The following article was in my local newspaper today.
Man still hunting to see if Elvis is his dad
Posted by Brad Flory Jackson Citizen Patriot September 28, 2008 07:00AM
Four years is a long time to search for clues to confirm the identity of an unknown father.
The task is even more trying when the suspected father is Elvis Presley.
"It would be easier if it was someone less famous," said Tim Farrell, a 53-year-old truck mechanic in Jackson. "People wouldn't be so incredulous."
For four years, Farrell has tracked down clues but found nothing to prove or disprove his dead mother's claim that Elvis was his father.
A certain stigma attaches to that sort of search. Many people first assume Farrell must be either crazy or a publicity-seeker.
He is neither.
"I don't claim to be Elvis' kid," Farrell said. "I just want to know if it is true. I would not have chosen this for myself."
After years of dead ends, maybe his luck is improving.
Thanks to the advance of science, Farrell's odds of finding a genetic fingerprint for Elvis Presley improved greatly in the summer.
Does he sing like Elvis?
Judge for yourself. Six songs recorded by Tim Farrell and Jackson musicians can be heard online at blog.mlive.com/bradosphere
A cutting-edge procedure called "touch DNA" makes it far more likely to find DNA left scattered around the country by Elvis.
"This is brand-new, and it opens a lot of doors," Farrell said.
Farrell, a Tennessee native who had an adoptive father, was as surprised as anyone when he first heard his mother's claim 30 years ago.
His mother, Rebecca Holland, announced shortly after Presley's death that Farrell was conceived in 1954 during a one-night-stand with Elvis in Memphis. The story made lots of newspapers.
"It's my mother's account of something. That's all," Farrell said. "She had no proof."
Peggy Ryan, sister of Farrell's mother, has no proof, either. But she believes.
"My sister told me she knew Elvis and had been out with him," said Ryan of Jackson, Tenn. "She didn't tell me she slept with him. You didn't tell that kind of thing back then."
Holland died of colon cancer in 2002, repeating near her death the claim that Farrell is Presley's son.
"I didn't think she would lie then," Ryan said.
Farrell was a 23-year-old nightclub singer when his mother dropped her bombshell in 1978. If she hoped to help his music career, it backfired.
Curious crowds made Farrell feel like a sideshow, so he gave up music.
He moved to Jackson, Mich., and today fixes big trucks as owner of Farrell Fleet Service, 1305 Page Ave.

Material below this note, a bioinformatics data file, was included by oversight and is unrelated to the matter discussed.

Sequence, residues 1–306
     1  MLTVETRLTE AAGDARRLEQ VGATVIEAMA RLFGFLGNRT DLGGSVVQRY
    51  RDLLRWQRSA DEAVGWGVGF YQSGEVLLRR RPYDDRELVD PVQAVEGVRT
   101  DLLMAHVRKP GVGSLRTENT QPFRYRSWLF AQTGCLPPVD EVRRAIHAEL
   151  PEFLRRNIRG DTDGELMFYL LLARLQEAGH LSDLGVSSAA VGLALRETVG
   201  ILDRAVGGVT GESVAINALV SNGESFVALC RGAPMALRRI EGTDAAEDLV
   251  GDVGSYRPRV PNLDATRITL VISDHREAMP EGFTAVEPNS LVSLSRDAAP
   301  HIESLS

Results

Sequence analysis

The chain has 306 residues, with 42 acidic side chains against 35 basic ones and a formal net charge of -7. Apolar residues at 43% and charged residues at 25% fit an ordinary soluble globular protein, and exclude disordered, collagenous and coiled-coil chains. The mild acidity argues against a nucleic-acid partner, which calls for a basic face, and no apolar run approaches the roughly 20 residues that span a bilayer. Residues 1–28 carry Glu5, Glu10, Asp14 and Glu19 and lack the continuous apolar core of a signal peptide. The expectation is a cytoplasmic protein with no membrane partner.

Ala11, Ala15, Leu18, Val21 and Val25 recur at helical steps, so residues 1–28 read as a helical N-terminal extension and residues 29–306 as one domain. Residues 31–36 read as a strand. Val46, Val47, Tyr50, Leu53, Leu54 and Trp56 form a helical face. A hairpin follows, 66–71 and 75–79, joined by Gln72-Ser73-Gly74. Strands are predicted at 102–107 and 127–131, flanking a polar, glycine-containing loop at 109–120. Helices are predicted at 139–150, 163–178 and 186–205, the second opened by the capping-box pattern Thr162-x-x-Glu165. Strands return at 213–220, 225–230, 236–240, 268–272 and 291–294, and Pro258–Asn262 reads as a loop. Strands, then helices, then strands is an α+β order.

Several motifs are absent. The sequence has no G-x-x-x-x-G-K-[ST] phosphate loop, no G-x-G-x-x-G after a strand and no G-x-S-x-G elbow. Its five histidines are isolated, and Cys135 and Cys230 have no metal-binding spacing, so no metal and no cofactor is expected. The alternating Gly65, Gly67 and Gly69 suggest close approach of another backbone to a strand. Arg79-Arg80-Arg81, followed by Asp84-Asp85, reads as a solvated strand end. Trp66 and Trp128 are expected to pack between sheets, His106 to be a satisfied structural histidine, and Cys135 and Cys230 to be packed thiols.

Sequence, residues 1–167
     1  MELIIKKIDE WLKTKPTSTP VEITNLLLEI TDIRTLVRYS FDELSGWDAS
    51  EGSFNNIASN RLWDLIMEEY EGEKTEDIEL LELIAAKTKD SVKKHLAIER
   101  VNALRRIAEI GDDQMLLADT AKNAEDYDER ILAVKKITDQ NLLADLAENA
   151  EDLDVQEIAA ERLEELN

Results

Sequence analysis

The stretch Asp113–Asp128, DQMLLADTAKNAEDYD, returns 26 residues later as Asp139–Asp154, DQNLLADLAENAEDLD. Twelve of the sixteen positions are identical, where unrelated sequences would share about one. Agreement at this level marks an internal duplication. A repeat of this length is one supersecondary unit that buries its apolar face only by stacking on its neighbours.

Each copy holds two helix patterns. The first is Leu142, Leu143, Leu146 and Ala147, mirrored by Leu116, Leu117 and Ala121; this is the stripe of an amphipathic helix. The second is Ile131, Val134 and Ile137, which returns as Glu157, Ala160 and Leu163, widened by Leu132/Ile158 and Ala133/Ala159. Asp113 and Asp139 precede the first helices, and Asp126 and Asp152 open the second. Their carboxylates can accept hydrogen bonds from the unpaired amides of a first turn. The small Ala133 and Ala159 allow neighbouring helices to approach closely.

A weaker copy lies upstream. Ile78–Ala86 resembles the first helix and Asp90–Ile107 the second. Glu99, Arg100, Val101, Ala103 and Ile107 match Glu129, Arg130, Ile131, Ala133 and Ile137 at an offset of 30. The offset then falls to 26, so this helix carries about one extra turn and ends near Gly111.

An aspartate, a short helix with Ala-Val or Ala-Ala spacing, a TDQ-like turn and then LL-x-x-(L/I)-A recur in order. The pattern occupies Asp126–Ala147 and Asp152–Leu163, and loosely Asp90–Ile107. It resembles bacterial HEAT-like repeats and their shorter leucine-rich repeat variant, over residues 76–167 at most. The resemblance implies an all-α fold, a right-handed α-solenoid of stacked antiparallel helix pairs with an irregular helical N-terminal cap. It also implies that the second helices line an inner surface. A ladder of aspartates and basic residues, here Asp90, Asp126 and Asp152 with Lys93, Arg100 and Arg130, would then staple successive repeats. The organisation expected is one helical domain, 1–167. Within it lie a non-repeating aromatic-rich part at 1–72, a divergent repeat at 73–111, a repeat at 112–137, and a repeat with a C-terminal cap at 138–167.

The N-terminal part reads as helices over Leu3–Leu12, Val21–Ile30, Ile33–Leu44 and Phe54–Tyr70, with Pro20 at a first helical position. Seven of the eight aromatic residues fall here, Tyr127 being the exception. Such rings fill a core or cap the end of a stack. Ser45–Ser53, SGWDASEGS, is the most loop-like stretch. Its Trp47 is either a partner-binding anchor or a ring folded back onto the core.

He kept the Elvis story quiet until 2004, when Farrell decided DNA science finally allowed him to find out if his mother was right.
Working with a lawyer, he sent letters sent to Elvis Presley Enterprises asking for DNA testing.
Farrell offered to "keep it under the rug" and he offered to sign away any claim to money. He was mostly ignored.
"I've pretty much given up on any cooperation from the Presley camp," Farrell said.
He set up a blog (http://www.iselvismydad.blogspot.com/) in 2005 to search for clues.
Looking for other illegitimate children of Elvis for DNA comparison seemed a promising idea.
It has not worked out so far because everyone Farrell found was unwilling to be tested or an obvious fraud.
One of his big leads was a bed sheet Elvis slept on. Farrell had the sheet tested, but no usable DNA was recovered.
Touch DNA could make DNA proof much easier to find. The procedure came to public attention in July, when it exonerated the parents of JonBenet Ramsey.
Instead of testing body fluids, touch DNA tests skin cells. We all shed skin cells constantly, and they can be tested decades later.
In other words, anything Elvis wore or touched is suddenly a potential genetic jackpot.
Farrell and his lawyer are contacting collectors to seek permission for touch DNA testing on Elvis memorabilia.
He is also talking to an Indiana woman who has "reasons to believe Elvis may be her dad." If things work out, they will compare DNA to learn if they are siblings.
"If we match, it's kind of hard to say we're not his children," Farrell said.
During his search, Farrell revived his singing career.
Two years ago, he began playing guitar and singing in Jackson-area bars and jam sessions. He favors early rock songs in the style of Carl Perkins.
In June, Farrell won the 2008 Talent Expo at the Alabama Music Hall of Fame. For his victory, he is promised a spot as an opening act for a Loretta Lynn concert to be scheduled next year.
Six songs he recorded on a demo disk can be heard online (blog.mlive.com/bradosphere/) if anyone is curious.
Asked what he will do if he is someday proved to be the son of Elvis, Farrell paused as if he never considered it.
"If I found it's true, I would give the results on my blog and that's about it," he said.
"If it's not true, fine. I can close the book and get out of this thing."
— Brad Flory's column appears Sundays, Tuesdays and Thursdays. Read his blog at blog.mlive.com/bradosphere